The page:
The Harbingers: Four Young Galleries to Watch in 2017

Kat Herriman

C L E A R I N G – Calvin Marcus – Were Good Men – 2016
Calvin Marcus' Were Good Men, 2016. This is Marcus' second solo exhibition at Clearing, New York.

The art market has a healthy appetite for its young. Museums, advisors and collectors are always on the prowl for the next low-risk, high-reward. New galleries are a primary source. They are the prism through which young art is filtered and ultimately consumed by a greater public. Like visionary dealers Pat Hearn, Paula Cooper and Leo Castelli, those who are able to create a self-sustaining community rise to the top. With strong, interlocking rosters, these four young dealers are ahead of the class—and setting the agenda for everyone else.

JTT, New York

The Lower East Side is chockablock with galleries, but few are as savvy as JTT. Jasmin Tsou, JTT’s fearless leader and namesake, has cultivated not only a leading program but also an enviable circle of friends. “I feel like the gallery sort of came together like any community does,” Tsou says. “It’s a mixture of people I’ve known for a long time, like Becky Kolsrud and Borna Sammak, whom I went to school with, and people I’ve come across and reached out to.” Home to Kolsrud, Sammak and Jamian Juliano-Villani, the four-year-old gallery recently got an upgrade—moving from their storefront location on Suffolk Street to a larger second-floor space on Chrystie Street. An exhibition of Diane Simpson’s early Samurai works inaugurated the new space in November.

An installation view of Charles Harlan’s “Cave.”

SIGNAL, Brooklyn

What was once a warehouse for rugs is now a second home to artists like Meriem Bennani, Aidan Koch, Rachel Rossin and Andrew Ross. The space’s positive energy radiates out from its founders, Kyle Clairmont Jacques and Alexander Johns, who live and work in the gallery. The private and public mingle often at Signal; the intimacy of their solo-show-driven program is contrasted by their ambitious calendar of lectures, readings and performances, in addition to larger initiatives like the Bushwick Art Book & Zine Fair. “The physical space is a huge reason why we’ve always kept such an active calendar,” explains Jacques. “The same qualities that allow us to host hundreds of people at a time for a diverse array of events and performances are the reason why solo exhibitions are also so important to us—allowing an individual the freedom to take over the entirety of such a space and pretty much do what they want.”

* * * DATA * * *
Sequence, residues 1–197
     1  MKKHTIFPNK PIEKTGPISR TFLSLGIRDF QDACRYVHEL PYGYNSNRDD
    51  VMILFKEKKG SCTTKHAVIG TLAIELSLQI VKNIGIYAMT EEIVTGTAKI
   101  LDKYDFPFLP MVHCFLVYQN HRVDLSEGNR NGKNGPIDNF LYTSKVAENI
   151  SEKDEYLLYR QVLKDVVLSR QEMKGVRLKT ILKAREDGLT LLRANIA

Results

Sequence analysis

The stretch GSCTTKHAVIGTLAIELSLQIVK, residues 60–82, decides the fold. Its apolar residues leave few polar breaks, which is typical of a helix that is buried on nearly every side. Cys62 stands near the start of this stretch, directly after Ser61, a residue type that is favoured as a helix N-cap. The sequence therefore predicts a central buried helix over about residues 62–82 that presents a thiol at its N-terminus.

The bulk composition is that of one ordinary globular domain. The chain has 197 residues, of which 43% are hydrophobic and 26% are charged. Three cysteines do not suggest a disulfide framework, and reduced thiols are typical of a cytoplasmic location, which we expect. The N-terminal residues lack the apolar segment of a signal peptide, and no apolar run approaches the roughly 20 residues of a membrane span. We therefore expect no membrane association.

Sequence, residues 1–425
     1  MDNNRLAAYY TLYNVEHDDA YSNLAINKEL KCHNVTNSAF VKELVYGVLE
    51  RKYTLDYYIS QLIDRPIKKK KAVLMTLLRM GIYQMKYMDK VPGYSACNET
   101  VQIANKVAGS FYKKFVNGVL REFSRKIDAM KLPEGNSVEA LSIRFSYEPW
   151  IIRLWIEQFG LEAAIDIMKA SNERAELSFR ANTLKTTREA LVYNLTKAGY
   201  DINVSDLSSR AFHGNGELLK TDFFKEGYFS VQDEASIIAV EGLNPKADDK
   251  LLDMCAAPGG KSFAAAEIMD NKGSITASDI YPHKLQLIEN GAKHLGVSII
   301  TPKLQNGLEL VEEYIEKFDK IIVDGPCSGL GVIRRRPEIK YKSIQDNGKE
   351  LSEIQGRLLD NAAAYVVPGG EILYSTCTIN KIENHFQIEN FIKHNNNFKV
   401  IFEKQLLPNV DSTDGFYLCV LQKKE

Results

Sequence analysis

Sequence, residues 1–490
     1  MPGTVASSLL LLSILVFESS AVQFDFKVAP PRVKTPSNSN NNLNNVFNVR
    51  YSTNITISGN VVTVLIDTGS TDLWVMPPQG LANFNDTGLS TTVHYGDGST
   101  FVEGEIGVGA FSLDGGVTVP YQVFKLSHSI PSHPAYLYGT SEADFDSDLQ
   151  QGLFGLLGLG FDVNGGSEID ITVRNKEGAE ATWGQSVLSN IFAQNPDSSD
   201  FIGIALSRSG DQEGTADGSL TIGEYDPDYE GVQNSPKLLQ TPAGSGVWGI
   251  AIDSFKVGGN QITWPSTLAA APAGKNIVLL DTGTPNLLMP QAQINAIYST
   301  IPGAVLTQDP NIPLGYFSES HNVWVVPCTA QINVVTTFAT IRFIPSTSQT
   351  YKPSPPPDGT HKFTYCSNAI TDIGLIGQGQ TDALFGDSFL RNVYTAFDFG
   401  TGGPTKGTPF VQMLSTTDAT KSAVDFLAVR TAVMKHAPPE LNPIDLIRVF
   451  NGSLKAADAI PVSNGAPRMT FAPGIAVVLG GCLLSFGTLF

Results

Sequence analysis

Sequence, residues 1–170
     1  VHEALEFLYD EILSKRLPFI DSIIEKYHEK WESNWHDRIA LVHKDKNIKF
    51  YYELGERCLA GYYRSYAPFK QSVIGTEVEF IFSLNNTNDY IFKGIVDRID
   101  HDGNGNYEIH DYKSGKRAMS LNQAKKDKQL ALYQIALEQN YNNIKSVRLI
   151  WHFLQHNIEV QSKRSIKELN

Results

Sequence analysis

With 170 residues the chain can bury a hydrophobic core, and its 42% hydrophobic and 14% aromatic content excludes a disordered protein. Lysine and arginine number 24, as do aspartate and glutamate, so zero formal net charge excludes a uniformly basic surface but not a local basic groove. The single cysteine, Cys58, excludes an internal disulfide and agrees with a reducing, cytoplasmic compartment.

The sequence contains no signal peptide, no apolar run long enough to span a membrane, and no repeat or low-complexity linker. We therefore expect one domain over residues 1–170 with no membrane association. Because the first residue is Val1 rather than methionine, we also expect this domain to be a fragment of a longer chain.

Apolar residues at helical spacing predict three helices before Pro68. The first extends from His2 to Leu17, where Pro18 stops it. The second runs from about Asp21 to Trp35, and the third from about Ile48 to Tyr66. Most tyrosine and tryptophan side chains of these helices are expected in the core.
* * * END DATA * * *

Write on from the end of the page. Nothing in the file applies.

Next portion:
Tim Bruniges’ MIRRORS installation


Tucked away in a small residential corner close to Le Marais, High Art looks like a fluorescent jewel box with its big street-facing windows. In its brief history, the three-year-old gallery has quickly earned a reputation for its varied and forward-thinking program, which includes Valerie Keane, Cooper Jacoby and Max Hooper Schneider. “In Paris, there are only a few young galleries, and the few are close friends. The dialogue is very immediate,” says director Jason Hwang. “While we are trying to return to a local experience—and the majority of young galleries would feel that way—we’re still working within a global sphere. We see our peers as across the board in New York and L.A. as well as the less visible places.”

An installation view of “Apple of Earth,” 2015.

CLEARING, Brussels and Brooklyn

This fall, Clearing abandoned their Belgian townhouse to move closer to Wiels, Brussels’ brewery-turned-arts-center, and the international train station. Like Wiels, Clearing is a reliable bellwether for young talent. Having expanded to two locations in Bushwick and Brussels, the almost six-year-old gallery boasts a roster that most can’t: Marina Pinsky, Marguerite Humeau, Lili Reynaud-Dewar and Korakrit Arunanondchai, to name a few. According to director Olivier Babin, in the beginning Clearing was “mostly about wild dreams.” Today, “We are closer to the spirit of the gallery’s beginning than we were two or three years ago. Now there is a strong, natural, organic connection between the artists. We stand for an absolutely sincere, not cynical, very faithful understanding of art and the responsibility the gallery has to keep things alive. Galleries are usually a place where the goldfish die.”

Eduardo Paolozzi’s “Horizon of Expectations.”